The interstellar boundary explorer high energy (IBEX-Hi) neutral atom imager

H. O. Funsten, F. Allegrini, P. Bochsler, G. Dunn, S. Ellis, D. Everett, M. J. Fagan, S. A. Fuselier, M. Granoff, M. Gruntman, A. A. Guthrie, J. Hanley, R. W. Harper, D. Heirtzler, P. Janzen, K. H. Kihara, B. King, H. Kucharek, M. P. Manzo, M. MapleK. Mashburn, D. J. McComas, E. Moebius, J. Nolin, D. Piazza, S. Pope, D. B. Reisenfeld, B. Rodriguez, E. C. Roelof, L. Saul, S. Turco, P. Valek, S. Weidner, P. Wurz, S. Zaffke

Research output: Contribution to journalArticlepeer-review

196 Scopus citations


The IBEX-Hi Neutral Atom Imager of the Interstellar Boundary Explorer (IBEX) mission is designed to measure energetic neutral atoms (ENAs) originating from the interaction region between the heliosphere and the local interstellar medium (LISM). These ENAs are plasma ions that have been heated in the interaction region and neutralized by charge exchange with the cold neutral atoms of the LISM that freely flow through the interaction region. IBEX-Hi is a single pixel ENA imager that covers the ENA spectral range from 0.38 to 6 keV and shares significant energy overlap and overall design philosophy with the IBEX-Lo sensor. Because of the anticipated low flux of these ENAs at 1 AU, the sensor has a large geometric factor and incorporates numerous techniques to minimize noise and backgrounds. The IBEX-Hi sensor has a field-of-view (FOV) of 6.5°×6.5° FWHM, and a 6.5°×360° swath of the sky is imaged over each spacecraft spin. IBEX-Hi utilizes an ultrathin carbon foil to ionize ENAs in order to measure their energy by subsequent electrostatic analysis. A multiple coincidence detection scheme using channel electron multiplier (CEM) detectors enables reliable detection of ENAs in the presence of substantial noise. During normal operation, the sensor steps through six energy steps every 12 spacecraft spins. Over a single IBEX orbit of about 8 days, a single 6.5°×360° swath of the sky is viewed, and re-pointing of the spin axis toward the Sun near perigee of each IBEX orbit moves the ecliptic longitude by about 8° every orbit such that a full sky map is acquired every six months. These global maps, covering the spectral range of IBEX-Hi and coupled to the IBEX-Lo maps at lower and overlapping energies, will answer fundamental questions about the structure and dynamics of the interaction region between the heliosphere and the LISM.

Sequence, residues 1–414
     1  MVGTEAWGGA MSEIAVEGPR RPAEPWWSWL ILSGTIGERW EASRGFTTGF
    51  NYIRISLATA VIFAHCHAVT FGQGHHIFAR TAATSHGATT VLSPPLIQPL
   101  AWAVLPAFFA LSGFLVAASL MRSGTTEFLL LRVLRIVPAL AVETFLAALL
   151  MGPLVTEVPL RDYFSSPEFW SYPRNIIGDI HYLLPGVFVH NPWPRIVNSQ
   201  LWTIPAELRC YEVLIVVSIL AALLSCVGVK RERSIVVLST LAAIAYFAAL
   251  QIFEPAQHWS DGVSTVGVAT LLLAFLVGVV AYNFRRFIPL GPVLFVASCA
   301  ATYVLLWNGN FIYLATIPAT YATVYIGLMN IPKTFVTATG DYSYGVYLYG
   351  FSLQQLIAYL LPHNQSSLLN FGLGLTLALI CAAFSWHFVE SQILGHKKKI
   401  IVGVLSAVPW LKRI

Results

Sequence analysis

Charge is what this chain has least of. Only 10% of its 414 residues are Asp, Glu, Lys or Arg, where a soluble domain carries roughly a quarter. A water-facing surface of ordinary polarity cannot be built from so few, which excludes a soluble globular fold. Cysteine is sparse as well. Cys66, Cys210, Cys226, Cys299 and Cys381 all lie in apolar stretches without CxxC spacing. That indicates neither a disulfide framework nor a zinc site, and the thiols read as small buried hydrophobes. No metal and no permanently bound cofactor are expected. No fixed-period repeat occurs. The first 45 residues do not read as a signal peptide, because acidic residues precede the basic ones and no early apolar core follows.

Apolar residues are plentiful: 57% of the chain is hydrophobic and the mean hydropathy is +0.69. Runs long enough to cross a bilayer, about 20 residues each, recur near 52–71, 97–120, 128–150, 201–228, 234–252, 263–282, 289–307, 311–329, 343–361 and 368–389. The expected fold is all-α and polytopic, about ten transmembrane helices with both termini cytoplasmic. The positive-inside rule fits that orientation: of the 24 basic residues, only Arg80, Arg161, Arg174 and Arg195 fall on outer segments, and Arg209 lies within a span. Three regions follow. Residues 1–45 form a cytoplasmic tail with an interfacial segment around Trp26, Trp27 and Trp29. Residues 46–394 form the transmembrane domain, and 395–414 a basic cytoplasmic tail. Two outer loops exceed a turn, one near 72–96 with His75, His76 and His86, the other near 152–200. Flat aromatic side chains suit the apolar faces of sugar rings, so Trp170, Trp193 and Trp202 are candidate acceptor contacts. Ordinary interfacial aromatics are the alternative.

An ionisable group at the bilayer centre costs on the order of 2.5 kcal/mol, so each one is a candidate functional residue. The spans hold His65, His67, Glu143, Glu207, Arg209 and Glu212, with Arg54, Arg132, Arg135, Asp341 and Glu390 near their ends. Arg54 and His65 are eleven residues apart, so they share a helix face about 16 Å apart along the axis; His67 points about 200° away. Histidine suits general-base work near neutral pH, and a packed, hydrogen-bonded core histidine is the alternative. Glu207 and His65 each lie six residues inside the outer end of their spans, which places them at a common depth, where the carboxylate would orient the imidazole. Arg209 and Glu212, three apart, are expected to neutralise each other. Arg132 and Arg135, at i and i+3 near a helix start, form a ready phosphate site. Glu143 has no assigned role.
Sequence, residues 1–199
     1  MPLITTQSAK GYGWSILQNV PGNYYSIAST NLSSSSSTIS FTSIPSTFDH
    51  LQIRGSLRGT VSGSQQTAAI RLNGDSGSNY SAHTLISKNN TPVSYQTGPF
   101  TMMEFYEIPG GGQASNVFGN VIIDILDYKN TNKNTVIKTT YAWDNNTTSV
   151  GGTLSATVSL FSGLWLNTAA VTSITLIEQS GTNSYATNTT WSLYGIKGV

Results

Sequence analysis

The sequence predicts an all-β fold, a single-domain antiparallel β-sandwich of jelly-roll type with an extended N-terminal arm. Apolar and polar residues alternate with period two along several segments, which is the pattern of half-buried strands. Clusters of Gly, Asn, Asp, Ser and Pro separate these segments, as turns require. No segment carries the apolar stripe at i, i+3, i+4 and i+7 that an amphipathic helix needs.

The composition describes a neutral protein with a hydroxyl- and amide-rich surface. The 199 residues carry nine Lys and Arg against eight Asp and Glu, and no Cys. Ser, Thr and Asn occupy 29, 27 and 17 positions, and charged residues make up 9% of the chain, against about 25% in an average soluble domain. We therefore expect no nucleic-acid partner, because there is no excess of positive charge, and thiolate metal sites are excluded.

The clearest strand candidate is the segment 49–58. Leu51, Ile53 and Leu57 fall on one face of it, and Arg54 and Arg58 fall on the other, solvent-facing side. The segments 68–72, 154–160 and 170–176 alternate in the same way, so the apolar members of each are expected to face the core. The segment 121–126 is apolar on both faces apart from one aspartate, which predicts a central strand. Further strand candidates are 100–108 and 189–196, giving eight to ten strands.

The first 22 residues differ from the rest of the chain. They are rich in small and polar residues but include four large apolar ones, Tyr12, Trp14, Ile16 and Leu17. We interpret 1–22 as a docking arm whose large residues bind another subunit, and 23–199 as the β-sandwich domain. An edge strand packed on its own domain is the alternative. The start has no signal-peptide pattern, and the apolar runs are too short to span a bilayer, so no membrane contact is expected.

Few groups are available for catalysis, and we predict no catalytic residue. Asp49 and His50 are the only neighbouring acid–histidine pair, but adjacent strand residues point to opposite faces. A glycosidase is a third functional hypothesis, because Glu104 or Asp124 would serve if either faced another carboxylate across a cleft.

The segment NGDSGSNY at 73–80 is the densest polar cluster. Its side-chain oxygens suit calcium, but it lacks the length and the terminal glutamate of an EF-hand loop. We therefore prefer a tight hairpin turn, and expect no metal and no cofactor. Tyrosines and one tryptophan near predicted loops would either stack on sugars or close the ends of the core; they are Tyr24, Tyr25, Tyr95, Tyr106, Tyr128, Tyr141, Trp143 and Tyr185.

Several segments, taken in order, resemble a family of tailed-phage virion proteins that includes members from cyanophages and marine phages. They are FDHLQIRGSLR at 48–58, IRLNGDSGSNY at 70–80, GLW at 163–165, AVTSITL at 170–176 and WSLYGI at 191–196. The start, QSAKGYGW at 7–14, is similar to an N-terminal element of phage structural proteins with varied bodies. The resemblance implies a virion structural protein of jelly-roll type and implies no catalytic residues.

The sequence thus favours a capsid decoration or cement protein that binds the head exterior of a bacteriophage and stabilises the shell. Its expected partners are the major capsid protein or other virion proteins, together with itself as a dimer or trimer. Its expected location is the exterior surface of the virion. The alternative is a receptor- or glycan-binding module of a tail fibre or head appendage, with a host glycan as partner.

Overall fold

Original languageEnglish (US)
Pages (from-to)75-103
Number of pages29
JournalSpace Science Reviews
Issue number1-4
StatePublished - Aug 2009
Externally publishedYes

All Science Journal Classification (ASJC) codes

  • Astronomy and Astrophysics
  • Space and Planetary Science


  • ENA
  • Energetic neutral atom
  • Heliopause
  • Interstellar boundary
  • LISM
  • Termination shock


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